It is in that silence we will find clarity and wisdom.

I hope you enjoy joining me on my yoga journey and I would love to hear about yours whether you have just started or have been practicing for years.

Thank you for taking the time to read.





Mia Manners

Lovely, honest & inspirational...
Thank you


Julie Millward

What a beautiful, honest, raw, and inspiring post, Kimm. I'm on a yoga journey myself, so I recognise - and share - much of your belief and enthusiasm for the restorative power of yoga. I've just set out, with some trepidation, on a teaching course with Friends of Yoga after completing the British Wheel foundation courses 1 and 2 a few years ago. Like you, I started out with trendy leggings and a keep-fit attitude, and it's taken a while - probably twenty years or so - to realise that, actually, it's the answer to making sense of this crazy life. Wishing you all the peace of mind that you can find in your yoga bubble. x


Cathy Mason

Wow. What a beautiful piece of writing! So heartfelt, poignant yet full of hope. Thank you. x


Ralph Pettingill

Thanks @Kimm Fearnley . I notice what mixed feelings I have, even beginning to read this piece ... and then I notice that those feelings are so similar to the ones I bump up against annoyingly often. I know that I'm always pleased if I make it to the yoga class, but practice alone at home isn't so easy. I was pulled up short when you referred to the things you'd struggled with-that was the point I really sat up and paid attention. Thank you; looking forward to joining in with what you share.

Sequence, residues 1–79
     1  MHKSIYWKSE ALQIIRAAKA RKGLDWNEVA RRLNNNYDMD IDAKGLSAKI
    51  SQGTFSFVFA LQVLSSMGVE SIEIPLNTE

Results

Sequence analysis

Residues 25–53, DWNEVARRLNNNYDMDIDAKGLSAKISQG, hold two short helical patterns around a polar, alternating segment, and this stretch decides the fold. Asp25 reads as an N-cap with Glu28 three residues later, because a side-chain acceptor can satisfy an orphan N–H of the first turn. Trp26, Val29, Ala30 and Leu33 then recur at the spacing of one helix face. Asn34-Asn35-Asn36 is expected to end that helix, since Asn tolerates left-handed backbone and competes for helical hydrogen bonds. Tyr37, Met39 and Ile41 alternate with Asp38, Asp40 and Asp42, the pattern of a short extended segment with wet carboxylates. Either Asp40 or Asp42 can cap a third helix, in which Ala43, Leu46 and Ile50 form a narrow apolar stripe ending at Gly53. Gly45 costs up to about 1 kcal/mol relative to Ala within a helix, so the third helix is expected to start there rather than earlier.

Kay Bottomley

I loved reading this Kimm, thank you for all your insights.
My current yoga journey very much ties in with things you say - the perfect headstand is a million miles from where I am the moment.... tired, stiff and often stressed with the day to day graft of making sure the "little man" is clean, fed, comfortable and feels loved.
Its only when all that's in place that I stop to think of me, my body. And more often than not the most I can do is get myself to a comfortable space where I can stretch a bit, relax, and meditate. And then dialogue with the aches and pains, easing my body into accepting that for now it isn't the powerful, driven machine that cycled, swam, danced and looked good in the mirror. Its now the slightly saggy receptacle of an overstretched older lady. But once we are connected, there's an ease that comes through the yoga, of accepting this unexpected, difficult yet beautiful phase of my life with good grace, a wry smile, and loads of laughter.
Thank you again, and I look forward to more insights and teachings. And a good holiday in your retreat centre when you get it up and running!